For a time that is long compared to the period of the Larmor precession, that is for , all are highly oscillatory, with stationary regions near , where


are the spin states polarized along and against the effective magnetic field , respectively. The stationary points account for the ergodic property of quantum motion ERG (). If the accuracy is kept finite, while the measurement time increases, the unperturbed Hamiltonian overcomes the restrictions imposed by the meter. The spin’s density matrix becomes diagonal in the eigenbasis of , and the system explores its Hilbert space in such a way that the time average of a variable tends to its average in the instantaneous von Neumann measurement made on this diagonal mixed state ERG ().

To prove the above, for we evaluate the integrals in (24) by the saddle point method, which yields


It is seen that in Eq.(23) have stationary points at


In our case, the accuracy of measuring , changes with time, but so do the amplitude distributions , and one cannot say apriori whether the improvement in the accuracy is rapid enough to lock the system in the Zeno effect, or whether it would lead to the ergodic regime involving stationary points of the propagator described above. Next we will show that both situations are possible, depending on the ratio between the width of the wave packet , and the characteristic distance . Thus, for a narrow initial wavepacket, , and from (IV) we have


This is the Zeno effect - at long times the spin is locked in its initial state soc (). Accordingly, the time average also tends to unity, with only the -term in the first of Eqs.(24) contributing to in Eq.(7). As a result, the initial wave packet travels as a whole to the right at a constant speed , as can be seen in Fig.2(a).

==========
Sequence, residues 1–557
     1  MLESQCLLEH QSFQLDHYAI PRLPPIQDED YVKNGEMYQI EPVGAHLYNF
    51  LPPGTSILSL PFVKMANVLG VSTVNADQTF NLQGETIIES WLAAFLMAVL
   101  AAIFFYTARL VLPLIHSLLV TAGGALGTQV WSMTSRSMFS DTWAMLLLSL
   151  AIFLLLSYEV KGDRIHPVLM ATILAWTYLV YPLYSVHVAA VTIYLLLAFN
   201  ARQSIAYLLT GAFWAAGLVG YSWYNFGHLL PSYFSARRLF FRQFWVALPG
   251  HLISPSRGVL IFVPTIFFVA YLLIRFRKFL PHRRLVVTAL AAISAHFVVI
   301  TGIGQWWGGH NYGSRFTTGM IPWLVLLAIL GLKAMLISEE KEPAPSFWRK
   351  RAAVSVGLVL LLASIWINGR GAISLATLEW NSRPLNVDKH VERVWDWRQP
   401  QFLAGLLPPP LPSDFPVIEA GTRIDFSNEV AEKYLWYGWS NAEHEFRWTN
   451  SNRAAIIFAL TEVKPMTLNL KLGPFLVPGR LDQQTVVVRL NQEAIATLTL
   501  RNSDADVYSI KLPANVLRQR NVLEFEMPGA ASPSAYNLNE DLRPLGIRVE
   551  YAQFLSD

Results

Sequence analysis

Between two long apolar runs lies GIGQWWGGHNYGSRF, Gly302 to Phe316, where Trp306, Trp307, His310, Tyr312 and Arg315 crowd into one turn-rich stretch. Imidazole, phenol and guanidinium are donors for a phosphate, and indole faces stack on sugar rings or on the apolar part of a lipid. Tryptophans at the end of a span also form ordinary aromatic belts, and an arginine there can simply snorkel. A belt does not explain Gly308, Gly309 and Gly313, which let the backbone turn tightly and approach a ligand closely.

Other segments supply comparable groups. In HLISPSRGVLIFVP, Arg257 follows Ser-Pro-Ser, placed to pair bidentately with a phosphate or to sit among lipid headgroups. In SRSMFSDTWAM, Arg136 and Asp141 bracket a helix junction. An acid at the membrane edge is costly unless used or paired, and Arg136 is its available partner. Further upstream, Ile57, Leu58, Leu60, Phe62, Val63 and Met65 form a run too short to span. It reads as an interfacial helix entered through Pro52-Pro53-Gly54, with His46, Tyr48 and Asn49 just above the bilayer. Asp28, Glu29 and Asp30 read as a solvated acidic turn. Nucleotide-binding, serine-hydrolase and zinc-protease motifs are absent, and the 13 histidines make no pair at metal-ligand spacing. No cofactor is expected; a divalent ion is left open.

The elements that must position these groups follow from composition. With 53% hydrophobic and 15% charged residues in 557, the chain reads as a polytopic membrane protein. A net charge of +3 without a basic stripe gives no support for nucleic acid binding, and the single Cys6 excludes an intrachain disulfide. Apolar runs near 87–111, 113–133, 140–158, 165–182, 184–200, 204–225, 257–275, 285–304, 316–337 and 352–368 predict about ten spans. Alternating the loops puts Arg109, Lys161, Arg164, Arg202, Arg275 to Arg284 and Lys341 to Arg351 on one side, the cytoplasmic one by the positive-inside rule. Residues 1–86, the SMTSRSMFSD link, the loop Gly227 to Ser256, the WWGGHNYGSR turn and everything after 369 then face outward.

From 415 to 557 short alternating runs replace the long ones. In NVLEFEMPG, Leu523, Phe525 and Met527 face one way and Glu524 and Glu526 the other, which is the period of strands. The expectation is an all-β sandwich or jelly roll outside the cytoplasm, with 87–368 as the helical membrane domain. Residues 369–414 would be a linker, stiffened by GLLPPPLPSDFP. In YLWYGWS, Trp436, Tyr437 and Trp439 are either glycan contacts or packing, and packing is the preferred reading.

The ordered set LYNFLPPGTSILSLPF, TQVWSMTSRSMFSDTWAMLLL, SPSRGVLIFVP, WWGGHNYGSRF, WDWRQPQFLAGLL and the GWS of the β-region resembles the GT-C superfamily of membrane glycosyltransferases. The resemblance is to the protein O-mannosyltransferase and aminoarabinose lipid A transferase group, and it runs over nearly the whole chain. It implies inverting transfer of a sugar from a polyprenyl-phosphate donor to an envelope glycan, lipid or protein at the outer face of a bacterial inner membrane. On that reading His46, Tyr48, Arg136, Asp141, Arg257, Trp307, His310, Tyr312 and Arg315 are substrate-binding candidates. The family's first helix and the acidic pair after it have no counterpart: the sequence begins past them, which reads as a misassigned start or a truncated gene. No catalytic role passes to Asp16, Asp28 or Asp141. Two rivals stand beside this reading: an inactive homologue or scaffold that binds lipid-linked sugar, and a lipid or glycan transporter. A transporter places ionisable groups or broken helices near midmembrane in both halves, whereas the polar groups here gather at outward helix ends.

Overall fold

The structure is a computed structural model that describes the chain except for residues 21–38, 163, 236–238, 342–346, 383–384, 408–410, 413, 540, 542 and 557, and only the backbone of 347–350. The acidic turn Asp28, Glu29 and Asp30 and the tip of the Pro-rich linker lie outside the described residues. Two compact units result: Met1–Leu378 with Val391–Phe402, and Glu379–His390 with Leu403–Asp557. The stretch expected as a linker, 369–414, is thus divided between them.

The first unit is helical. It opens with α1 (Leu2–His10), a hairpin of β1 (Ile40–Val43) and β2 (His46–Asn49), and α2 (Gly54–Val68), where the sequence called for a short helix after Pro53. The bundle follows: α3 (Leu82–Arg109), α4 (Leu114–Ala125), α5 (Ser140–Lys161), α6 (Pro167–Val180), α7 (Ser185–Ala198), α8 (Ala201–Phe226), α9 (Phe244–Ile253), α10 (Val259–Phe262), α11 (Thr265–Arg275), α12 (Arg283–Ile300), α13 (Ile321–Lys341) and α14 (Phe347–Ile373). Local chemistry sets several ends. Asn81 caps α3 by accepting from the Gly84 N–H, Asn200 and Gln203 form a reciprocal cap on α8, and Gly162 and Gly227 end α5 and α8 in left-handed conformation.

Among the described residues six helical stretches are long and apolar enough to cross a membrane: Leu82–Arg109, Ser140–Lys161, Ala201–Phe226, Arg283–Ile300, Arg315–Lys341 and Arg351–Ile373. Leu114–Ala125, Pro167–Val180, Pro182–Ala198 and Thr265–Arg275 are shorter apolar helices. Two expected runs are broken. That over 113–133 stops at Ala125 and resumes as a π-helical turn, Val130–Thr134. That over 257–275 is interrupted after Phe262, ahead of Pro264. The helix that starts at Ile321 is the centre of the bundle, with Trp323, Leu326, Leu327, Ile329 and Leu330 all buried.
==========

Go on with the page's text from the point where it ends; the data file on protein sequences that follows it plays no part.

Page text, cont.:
For and Eq.(IV) yields . The position of the atom is determined by the stationary points of the regular part of . Expanding the phases of the cosine and sine in Eq.(V) around to the second order in and evaluating resulting Gaussian integrals yields




This is an example of the ergodic behavior - we have two Gaussians, each corresponding to the spin polarized along and against the magnetic field. The Gaussians move in the opposite directions with velocities proportional to the long time average for the spin in the or state (see Fig. 2(b)). By ergodicity ERG (), these time averages equal the ensemble averages and . With , the Gaussians do not overlap, and the spin’s mixed stated becomes


so that equals , as is mentioned at the beginning of this paragraph.

The atomic density in the intermediate regime is shown in Fig. 2(c). Here a measurement resolves the oscillations of in (V) with a period larger than as can be obtained directly from Eqs. (9),(23) and (V), while finer details such as more rapid oscillations are lost in the convolution (7).

Figure 2: (color online) Distribution of the atom’s positions at a time , for : a) in the Zeno regime the atom moves to the right at the speed ; b) in the ergodic regime the wave packet is split into two parts moving with the velocities . The solid line is the exact numerical calculation, and the dashed line shows approximation (29); c) interference fringes in the intermediate regime . Here we use physical units for length and time.